According to, “Kim Reynolds says Caitlin Clark, Iowa women's basketball 'changed women's sports forever'”: “Gov. Kim Reynolds said Tuesday the University of Iowa women's basketball team has 'changed women's sports forever' with the enthusiasm they generated in their NCAA tournament title-chasing season.”

And this interview with La Quita Frederick from Georgetown University shares the viewpoint that “This is not just an anomaly but rather the beginning of a new era.”

Others are not so sure. This discussion with Dan Wetzel, Pat Forde and Ross Dellenger shares the viewpoint that women’s college basketball and the WNBA will likely get a slight boost in attendance in the upcoming seasons, but the incredible surge of interest and viewership will generally drop back to pre-Caitlin Clark levels.

Before I go any further, many readers are probably asking: What does any of this Caitlin Clark discussion have to do with cybersecurity metrics, trends, scenarios and reporting?

I think we can all learn quite a bit by analyzing technology and cybersecurity subtopics like reporting, metrics, predictions, forecasts and “connecting the dots” by examining the related analogies in sports and other areas that are much better understood in society. I have used similar analogies in the past. Here are just a few examples you can go back and review to better understand correlations in such areas as football, basketball and more:

But more important than any of the historical examples and analogies that may or may not be relevant, there is an ongoing debate in cybersecurity (and other areas of technology, such as generative AI) about metrics and future trends.

Simply stated, there is intense discussion about what’s going to happen next. So just because data breaches or ransomware attacks, or vulnerabilities, or nation-state attacks were up last year, will they be up next year or for the next decade? Are surges in metrics even relevant for where we will be in a few years? And yes, the results are vitally important.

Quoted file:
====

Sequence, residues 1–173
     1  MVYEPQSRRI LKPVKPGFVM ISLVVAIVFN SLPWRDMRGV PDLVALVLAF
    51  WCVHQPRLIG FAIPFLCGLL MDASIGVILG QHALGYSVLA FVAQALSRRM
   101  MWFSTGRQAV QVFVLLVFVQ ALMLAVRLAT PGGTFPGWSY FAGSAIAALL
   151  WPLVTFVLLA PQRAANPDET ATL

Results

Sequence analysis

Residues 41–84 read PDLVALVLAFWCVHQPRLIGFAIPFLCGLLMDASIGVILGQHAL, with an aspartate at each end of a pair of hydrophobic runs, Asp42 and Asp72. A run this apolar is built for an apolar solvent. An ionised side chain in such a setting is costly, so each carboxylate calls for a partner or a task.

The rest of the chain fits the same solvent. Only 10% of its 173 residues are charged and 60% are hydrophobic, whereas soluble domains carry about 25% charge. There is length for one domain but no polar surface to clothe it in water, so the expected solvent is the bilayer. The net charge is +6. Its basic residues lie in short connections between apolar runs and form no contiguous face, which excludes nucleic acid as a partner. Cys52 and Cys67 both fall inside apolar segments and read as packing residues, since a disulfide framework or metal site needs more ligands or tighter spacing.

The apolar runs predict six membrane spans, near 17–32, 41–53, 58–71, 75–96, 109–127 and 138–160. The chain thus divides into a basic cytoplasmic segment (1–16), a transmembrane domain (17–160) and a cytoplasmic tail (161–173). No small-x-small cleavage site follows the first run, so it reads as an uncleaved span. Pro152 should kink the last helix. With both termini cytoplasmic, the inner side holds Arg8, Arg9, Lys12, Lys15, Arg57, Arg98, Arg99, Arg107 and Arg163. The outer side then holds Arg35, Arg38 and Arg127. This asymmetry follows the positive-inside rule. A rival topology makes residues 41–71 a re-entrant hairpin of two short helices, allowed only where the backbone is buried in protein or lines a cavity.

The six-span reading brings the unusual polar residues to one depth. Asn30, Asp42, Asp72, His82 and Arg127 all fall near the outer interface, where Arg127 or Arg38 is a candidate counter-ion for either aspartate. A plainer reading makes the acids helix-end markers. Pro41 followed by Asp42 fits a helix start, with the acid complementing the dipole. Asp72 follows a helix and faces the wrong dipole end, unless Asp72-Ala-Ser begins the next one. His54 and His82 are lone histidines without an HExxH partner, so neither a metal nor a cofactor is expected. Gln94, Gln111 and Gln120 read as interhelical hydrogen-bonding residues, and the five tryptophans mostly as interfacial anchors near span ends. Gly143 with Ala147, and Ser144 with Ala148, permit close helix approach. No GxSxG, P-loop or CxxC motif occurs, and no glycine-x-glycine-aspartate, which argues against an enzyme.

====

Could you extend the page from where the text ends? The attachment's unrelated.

For example, consider these cybersecurity stories:
World Economic Forum (WEF): 3 trends set to drive cyberattacks and ransomware in 2024
“Following two years of high but stable activity, 2023 has seen a worrying resurgence in ransomware and extortion losses, as the cyberthreat landscape continues to evolve. Hackers are increasingly targeting IT and physical supply chains, launching mass cyberattacks, and finding new ways to extort money from businesses, large and small. It’s little wonder that our customers and clients rank cyber risk as their top concern in the annual Allianz Risk Barometer survey.”

The Wall Street Journal (WSJ): If Companies Are So Focused on Cybersecurity, Why Are Data Breaches Still Rising?
“Organizations are spending more money than ever on cybersecurity—an estimated $188 billion globally in 2023, a figure expected to grow to almost $215 billion in 2024—yet hackers always seem to stay a step ahead.

“The number of reported data breaches in the U.S. rose to a record 3,205 in 2023, up 78% from 2022 and 72% from the previous high-water mark in 2021, according to the nonprofit Identity Theft Resource Center. Trends are similar in other parts of the world.”

Security Intelligence: AI reduces data breach lifecycles and costs
“The cybersecurity tools you implement can make a difference in the financial future of your business. According to the 2023 IBM Cost of a Data Breach report, organizations using security AI and automation incurred fewer data breach costs compared to businesses not using AI-based cybersecurity tools.